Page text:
Have you ever read the book "Tuesdays with Morrie" by Mitch Albom? If not, you can read here what the book is about.
It is a short little book, that is a quick read. I'm nearly a third of the way through the book right now and I can't help but smile with each page that I read because it is unbelievable how much this book reminds me of the moments I spent with a mentoring professor of mine.
Professors can be such brilliant individuals...
Here is an excerpt from the book that I read last night that I really enjoyed:
He enters the classroom, sits down, doesn't say anything. He looks at us, we look at him. At first, there are a few giggles, but Morrie only shrugs, and eventually a deep silence falls and we begin to notice the smallest sounds, the radiator humming in the corner of the room, the nasal breathing of one of the fat students.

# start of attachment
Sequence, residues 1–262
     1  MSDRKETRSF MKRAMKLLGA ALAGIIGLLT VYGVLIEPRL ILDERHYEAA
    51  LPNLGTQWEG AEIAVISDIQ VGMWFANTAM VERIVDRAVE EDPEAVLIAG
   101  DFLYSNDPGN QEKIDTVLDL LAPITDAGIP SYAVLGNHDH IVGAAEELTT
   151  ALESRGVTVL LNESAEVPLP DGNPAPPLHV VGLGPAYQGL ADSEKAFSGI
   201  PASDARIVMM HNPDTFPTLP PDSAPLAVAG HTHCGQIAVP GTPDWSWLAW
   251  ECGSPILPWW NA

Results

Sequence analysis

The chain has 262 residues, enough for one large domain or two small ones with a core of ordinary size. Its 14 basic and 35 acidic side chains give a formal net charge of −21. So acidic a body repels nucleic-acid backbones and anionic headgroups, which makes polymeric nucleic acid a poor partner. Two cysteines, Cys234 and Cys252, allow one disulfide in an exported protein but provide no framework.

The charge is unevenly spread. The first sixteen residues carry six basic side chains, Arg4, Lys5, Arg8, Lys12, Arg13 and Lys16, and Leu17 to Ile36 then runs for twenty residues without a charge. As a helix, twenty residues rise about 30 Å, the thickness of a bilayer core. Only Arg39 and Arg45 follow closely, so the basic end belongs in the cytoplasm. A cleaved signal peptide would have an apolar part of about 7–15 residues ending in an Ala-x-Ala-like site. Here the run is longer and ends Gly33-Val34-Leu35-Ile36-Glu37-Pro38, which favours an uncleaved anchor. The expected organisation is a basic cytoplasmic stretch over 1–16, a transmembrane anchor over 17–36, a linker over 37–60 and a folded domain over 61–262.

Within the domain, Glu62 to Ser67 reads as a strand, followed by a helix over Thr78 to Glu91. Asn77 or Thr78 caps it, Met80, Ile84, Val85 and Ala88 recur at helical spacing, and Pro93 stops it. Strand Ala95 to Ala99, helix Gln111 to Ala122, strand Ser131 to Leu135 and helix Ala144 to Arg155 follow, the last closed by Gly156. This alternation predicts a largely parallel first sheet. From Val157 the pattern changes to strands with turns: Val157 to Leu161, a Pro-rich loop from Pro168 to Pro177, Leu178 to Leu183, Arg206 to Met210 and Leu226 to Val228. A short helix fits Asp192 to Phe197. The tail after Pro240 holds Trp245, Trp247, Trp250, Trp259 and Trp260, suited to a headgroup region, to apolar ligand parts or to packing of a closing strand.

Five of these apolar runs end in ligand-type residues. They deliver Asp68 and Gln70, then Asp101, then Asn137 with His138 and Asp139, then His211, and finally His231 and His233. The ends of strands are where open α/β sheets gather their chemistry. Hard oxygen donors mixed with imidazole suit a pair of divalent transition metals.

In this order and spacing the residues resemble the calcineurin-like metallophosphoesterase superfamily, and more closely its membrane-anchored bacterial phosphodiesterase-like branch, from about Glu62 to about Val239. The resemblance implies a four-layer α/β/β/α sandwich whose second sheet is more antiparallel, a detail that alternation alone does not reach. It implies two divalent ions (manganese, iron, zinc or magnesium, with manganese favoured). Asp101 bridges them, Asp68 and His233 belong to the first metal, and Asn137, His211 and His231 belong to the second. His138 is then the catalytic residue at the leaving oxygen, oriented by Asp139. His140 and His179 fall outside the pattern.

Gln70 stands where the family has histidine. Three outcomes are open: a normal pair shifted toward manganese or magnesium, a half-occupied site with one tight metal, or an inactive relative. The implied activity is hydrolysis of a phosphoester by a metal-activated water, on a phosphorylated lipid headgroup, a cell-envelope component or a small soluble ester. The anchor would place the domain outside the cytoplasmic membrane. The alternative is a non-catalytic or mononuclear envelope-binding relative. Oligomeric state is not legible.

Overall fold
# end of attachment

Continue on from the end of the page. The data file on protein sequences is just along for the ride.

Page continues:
Some of us are agitated. When is he going to say something? We squirm, check our watches. A few studnets look out the window, trying to be above it all. This goes on a good fifteen minutes, before Morrie finally breaks in with a whisper.
"What's happening here?" he asks.
And slowly a discussion begins--as Morrie has wanted all along--about the effect of silence on human relations. Why are we embarassed by silence? What comfort do we find in all the noise?
I am not bothered by the silence. For all the noise I make with my friends, I am still not comfortable talking about my feelings in front of others--especially not classmates. I could sit in the quiet for hours if that is what the class demanded.
On my way out, Morrie stops me. "You didn't say much today," he remarks.
I don't know. I just didn't have anything to add.
"I think you have a lot to add. In fact, Mitch, you remind me of someone I knew who also liked to keep things to himself when he was younger."